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Robert Penn Warren

Pultizer Prize winner, 1985 poet laureate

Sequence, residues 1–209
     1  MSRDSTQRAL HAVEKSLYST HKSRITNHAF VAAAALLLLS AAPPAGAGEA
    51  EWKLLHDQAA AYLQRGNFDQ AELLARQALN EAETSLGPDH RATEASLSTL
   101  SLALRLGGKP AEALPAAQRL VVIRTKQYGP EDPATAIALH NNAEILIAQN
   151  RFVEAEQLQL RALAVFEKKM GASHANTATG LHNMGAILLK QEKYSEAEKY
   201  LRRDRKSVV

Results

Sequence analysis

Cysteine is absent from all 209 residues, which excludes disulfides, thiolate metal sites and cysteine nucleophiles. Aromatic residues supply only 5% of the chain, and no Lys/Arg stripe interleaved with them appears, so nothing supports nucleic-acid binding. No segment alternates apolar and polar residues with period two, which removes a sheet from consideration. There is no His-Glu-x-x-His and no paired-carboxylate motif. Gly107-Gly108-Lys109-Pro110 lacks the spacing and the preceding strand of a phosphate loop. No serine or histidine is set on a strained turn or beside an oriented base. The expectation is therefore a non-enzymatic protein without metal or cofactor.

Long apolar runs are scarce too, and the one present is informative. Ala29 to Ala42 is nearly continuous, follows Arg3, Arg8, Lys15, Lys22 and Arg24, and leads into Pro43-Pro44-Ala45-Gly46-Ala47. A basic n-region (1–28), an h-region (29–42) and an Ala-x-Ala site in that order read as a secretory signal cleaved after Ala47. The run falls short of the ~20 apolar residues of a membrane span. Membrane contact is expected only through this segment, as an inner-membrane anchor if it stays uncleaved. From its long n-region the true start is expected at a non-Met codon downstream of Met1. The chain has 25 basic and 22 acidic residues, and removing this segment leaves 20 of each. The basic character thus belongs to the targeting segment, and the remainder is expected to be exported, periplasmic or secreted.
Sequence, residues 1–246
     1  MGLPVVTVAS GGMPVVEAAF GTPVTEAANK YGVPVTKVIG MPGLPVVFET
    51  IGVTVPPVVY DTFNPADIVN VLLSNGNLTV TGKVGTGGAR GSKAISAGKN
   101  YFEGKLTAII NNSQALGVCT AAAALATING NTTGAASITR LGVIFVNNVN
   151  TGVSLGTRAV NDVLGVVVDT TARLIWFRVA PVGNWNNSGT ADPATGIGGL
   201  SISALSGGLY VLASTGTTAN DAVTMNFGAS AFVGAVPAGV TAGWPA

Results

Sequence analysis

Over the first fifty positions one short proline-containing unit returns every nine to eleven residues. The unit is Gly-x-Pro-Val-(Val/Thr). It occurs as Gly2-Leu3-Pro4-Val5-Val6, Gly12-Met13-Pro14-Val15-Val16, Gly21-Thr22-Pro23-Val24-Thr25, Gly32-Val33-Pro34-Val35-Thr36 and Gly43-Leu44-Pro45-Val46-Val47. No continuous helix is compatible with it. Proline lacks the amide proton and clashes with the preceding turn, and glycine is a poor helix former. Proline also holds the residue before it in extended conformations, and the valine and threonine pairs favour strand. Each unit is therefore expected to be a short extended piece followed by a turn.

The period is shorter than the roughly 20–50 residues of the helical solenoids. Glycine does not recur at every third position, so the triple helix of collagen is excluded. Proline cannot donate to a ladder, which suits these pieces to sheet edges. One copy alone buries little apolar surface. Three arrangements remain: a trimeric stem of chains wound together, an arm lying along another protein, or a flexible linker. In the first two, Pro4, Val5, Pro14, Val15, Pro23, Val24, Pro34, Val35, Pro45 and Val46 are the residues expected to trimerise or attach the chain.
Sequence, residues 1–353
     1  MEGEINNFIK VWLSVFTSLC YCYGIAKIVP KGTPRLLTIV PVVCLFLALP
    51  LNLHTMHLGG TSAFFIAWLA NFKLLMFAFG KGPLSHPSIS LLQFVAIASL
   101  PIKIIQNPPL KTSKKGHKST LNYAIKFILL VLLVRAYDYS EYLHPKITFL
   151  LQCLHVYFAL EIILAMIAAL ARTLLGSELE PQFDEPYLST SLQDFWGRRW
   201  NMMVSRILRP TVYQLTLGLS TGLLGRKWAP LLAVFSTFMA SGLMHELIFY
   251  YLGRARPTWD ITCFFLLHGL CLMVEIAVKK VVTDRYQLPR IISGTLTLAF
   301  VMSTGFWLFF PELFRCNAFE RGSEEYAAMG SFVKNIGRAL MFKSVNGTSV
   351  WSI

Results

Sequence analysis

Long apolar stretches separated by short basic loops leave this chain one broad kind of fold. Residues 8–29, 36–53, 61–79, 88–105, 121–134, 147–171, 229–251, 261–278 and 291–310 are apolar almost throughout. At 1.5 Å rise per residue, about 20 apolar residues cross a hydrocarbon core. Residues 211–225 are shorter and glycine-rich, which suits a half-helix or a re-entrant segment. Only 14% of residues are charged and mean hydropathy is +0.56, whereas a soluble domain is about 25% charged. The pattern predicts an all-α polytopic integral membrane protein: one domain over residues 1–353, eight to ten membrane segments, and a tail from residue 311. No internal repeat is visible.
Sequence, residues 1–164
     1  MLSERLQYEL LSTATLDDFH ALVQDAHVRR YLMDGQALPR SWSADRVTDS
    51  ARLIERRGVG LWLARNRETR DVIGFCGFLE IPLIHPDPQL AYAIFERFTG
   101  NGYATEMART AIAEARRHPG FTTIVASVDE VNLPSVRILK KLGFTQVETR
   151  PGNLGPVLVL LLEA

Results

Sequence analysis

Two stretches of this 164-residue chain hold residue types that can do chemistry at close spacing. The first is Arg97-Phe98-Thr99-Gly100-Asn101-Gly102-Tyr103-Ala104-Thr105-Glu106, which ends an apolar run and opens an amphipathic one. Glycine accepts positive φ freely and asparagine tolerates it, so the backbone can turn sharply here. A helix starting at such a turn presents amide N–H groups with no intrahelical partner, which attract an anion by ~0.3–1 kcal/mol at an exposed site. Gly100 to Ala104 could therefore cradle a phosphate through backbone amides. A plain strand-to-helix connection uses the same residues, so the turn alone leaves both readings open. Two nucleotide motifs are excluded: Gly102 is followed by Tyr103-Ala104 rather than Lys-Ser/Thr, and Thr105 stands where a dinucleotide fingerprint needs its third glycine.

Robert Penn Warren was born in Guthrie, Todd County, Kentucky, on April 24, 1905. He entered Vanderbilt University in 1921, where he became the youngest member of the group of Southern poets called the Fugitives, which included John Crowe Ransom, Allen Tate, Donald Davidson, and Merrill Moore. Warren's first poems were published in *The Fugitive*, a magazine which the group published from 1922 to 1925. The Fugitives were advocates of the rural Southern agrarian tradition and based their poetry and critical perspective on classical aesthetic ideals. Though regarded as one of the best poets of his generation, Warren was better known as a novelist and received tremendous recognition for *All the King's Men*, which won the Pulitzer Prize for Fiction in 1947. Warren's poetry became less formal and more expansive, garnering even higher critical acclaim: his *Promises: Poems, 1954-1956* won the Sidney Hillman Award, the Edna St. Vincent Millay Memorial Award, the National Book Award, and the Pulitzer Prize. In 1979 he earned a third Pulitzer Prize, this time for *Now and Then: Poems, 1976-1978*. Warren served as a Chancellor of The Academy of American Poets from 1972 until 1988, and was selected as a MacArthur Fellow in 1981. On February 26, 1986, Warren was named the first U.S. Poet Laureate Consultant in Poetry. He died September 15, 1989.